1. Overview the findings from MyPyramid.gov as it relates to your diet.
Generally, I try to maintain a healthy diet and a healthy weight. My pyramid not only relates to the food but it relates to physical activity hence the person climbing the steps. Starting with the exercise I went for a 30 minute run which included doing some cross fit excersises. Following I biked (about 15-20 minutes). During the course of the day I drank three cans of soda, four cups of coffee, 1 litre of orange juice and three cups of water. For lunch I ate a mixture of grains (rice, bulgur), root vegetables, some chicken, some cheese and a piece of bread. For dinner I had a salad with olive oil. I also had 100 grams of chips and about 50 grams of candy.
The pyramid emphasizes that 27% of the diet should be grains and at least half as whole grains. I considered I consumed only about 10% of my diet to be whole grains.
Within the mixed vegetables at lunch and for dinner over 50% of the food I ate were vegetables. About 5% could be considered actual fruit that I consumed. Mypyramid recommends 15% Oils were virtually nothing compared to the recommended amount of 2% I had no milk or dairy based products in my diet. Mypyramid recommends 23%
2. Compare the major parts of your diet that the pyramid suggests to be high or low. Example: sodium intake is usually high for Americans. If it is high please tell me so, list the reasons why it may be high, and list ways to decrease your sodium intake. Other major categories would be fat intake (unsaturated or saturated), carbohydrate intake etc.)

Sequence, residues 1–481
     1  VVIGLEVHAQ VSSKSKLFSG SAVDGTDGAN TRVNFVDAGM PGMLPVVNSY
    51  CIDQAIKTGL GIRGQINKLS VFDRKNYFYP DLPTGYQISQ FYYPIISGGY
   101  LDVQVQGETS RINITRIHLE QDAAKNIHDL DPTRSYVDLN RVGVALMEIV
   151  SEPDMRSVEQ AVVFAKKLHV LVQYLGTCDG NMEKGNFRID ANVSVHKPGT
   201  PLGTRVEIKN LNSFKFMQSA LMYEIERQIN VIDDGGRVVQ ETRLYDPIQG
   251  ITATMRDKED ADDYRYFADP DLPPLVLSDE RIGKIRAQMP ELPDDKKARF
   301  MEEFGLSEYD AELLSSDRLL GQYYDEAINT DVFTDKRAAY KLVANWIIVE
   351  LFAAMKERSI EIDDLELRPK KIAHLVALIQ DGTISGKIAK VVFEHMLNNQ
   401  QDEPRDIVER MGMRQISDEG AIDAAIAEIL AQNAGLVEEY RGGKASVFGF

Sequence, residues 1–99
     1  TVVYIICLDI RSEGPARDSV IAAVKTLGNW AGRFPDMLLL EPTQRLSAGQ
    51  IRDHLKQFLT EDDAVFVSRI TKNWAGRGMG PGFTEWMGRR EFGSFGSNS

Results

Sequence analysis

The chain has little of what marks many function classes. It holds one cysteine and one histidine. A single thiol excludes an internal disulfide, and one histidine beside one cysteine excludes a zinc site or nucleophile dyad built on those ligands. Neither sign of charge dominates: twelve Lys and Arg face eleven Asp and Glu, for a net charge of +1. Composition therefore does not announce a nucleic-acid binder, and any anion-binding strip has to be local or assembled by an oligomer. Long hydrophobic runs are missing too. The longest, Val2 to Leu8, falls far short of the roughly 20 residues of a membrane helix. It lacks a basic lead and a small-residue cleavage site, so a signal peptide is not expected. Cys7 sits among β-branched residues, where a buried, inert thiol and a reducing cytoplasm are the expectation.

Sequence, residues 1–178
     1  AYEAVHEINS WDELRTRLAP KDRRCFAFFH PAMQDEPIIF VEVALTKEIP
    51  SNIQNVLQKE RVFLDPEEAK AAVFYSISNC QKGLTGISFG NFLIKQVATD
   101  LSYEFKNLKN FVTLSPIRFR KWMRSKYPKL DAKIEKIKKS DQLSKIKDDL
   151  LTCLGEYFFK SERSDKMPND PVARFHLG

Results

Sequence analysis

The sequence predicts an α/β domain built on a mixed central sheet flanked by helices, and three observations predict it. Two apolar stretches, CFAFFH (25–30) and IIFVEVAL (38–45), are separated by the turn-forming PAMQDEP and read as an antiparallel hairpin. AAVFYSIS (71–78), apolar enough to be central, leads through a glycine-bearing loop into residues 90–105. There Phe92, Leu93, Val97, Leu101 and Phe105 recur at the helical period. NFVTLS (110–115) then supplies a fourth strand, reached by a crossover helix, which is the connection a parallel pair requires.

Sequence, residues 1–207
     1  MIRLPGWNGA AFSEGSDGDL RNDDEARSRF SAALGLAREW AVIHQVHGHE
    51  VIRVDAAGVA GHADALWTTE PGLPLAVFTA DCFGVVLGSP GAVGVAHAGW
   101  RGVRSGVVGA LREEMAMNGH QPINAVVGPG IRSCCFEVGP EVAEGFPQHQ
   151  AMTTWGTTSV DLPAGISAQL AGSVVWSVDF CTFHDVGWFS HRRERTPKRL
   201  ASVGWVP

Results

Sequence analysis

As I had some chips I think the sodium content is quite high in this. The vegetable intake of my diet was higher than MyPyramid suggested as well as the meat intake seemed to be slightly higher. Fresh fruit and any grains were very low in my diet today. One major category would be carbohydrates. Today with the large number of sodas I drank and candy consume it has a lot of simple sugars that are not good. Also I did not consume any milk products at all. Nor did I eat a lot of fat during the day. Generally, I think my diet was below 2000 calories without the extra sugars consumed.
3. If your diet is different from the MyPyramid findings, write why it was different.
Generally, it is difficult to calculate the quantities of MyPyramid in things that you consume on a daily basis. Currently, as I am living alone and working & studying a lot. This routine leaves little time for going to the grocery store and meal planning. My fridge is usually empty and cheese or milk tends to go bad relatively quickly. Related to this I am not making food regularly and buy my major source of nutrients comes from the cafeteria or a restaurant. Thus I am at the mercy of the meal planners and cooks at these particular restaurants. This is probably not so good for my diet as people that have the ability to cook tend to be healthier, and may possibly have a wider range of foods that they eat (Lang, 1999). Within men it seems that diet and health are two different things (Gough, 2006). Additionally, since I am working a lot I tend to eat meat as this can satiate in my stomach longer and I can skip meals. Between or to replace any meals I snack on items which usually include carbohydrate items like soft drinks or chips. My diet may change day to day and on some days I might cover the pyramid whereas on other days it is swayed in one direction. Reflecting on my diet I could eat more fruits, grains and fish and less meat. If I lived with somebody I would be more inclined to cook and store particular foods which would increase the breadth of food so that the Mypyramid recommendations could be essentially covered. Mypyramid might not apply to my case and all the boxes might be difficult to fill. Perhaps they should make a Mypyramid for students or I should personalize it for my lifestyle.
MyPyramid.gov USDA n.d. web. Accessed April 27, 2015.
Gough, B., & Conner, M. T. (2006). Barriers to healthy eating amongst men: a qualitative analysis. Social Science & Medicine, 62(2), 387-395.
Lang, T., Caraher, M., Dixon, P., & Carr-Hill, R. (1999). Cooking skills and health. London: Health Education Authority.